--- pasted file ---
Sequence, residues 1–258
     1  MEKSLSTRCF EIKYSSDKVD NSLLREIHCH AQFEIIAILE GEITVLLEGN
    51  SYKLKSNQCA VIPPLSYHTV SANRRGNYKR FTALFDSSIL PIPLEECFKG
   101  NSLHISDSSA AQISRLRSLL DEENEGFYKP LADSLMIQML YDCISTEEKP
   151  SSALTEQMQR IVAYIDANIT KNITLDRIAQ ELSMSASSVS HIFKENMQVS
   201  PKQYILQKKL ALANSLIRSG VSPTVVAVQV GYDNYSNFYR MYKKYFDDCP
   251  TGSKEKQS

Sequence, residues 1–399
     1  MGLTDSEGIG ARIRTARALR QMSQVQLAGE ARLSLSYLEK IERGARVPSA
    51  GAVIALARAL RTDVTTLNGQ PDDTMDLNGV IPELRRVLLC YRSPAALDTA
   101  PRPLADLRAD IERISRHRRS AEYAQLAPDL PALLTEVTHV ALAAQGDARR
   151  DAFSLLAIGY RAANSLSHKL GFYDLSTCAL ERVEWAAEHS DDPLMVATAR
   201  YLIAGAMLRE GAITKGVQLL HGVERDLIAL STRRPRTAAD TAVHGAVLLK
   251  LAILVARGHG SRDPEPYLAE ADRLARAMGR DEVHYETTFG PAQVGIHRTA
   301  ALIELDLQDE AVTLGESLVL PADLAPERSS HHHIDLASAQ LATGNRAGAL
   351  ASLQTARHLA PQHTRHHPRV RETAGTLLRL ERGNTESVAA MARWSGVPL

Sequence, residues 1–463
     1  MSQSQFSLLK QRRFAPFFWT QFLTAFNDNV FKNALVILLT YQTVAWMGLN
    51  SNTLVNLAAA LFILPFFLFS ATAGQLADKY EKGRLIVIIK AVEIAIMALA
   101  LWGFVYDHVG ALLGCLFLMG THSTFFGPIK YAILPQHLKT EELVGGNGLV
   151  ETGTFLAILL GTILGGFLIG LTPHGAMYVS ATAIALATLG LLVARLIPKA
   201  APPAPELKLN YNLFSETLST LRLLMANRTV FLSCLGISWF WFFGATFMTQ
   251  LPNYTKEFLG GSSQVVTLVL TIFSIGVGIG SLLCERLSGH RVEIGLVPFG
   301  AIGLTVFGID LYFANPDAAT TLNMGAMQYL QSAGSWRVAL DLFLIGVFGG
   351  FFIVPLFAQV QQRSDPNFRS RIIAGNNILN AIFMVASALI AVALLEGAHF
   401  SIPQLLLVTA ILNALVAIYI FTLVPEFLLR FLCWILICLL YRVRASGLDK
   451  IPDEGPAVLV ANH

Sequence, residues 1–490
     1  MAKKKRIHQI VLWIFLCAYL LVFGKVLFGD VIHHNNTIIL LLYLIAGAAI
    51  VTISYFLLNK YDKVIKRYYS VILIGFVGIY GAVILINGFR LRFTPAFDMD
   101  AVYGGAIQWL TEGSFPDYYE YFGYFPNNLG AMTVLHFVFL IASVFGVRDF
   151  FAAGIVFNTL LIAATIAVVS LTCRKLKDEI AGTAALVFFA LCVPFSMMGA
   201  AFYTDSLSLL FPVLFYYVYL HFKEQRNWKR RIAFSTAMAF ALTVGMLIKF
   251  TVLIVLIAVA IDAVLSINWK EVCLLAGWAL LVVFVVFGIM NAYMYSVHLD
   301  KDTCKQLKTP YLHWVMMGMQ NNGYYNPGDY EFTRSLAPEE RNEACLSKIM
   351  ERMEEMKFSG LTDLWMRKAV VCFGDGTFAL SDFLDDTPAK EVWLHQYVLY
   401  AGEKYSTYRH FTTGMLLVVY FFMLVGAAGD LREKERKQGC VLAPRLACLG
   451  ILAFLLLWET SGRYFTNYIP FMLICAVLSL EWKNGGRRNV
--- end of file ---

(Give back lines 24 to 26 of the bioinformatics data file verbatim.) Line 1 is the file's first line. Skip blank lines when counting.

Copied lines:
   301  AIGLTVFGID LYFANPDAAT TLNMGAMQYL QSAGSWRVAL DLFLIGVFGG
   351  FFIVPLFAQV QQRSDPNFRS RIIAGNNILN AIFMVASALI AVALLEGAHF
   401  SIPQLLLVTA ILNALVAIYI FTLVPEFLLR FLCWILICLL YRVRASGLDK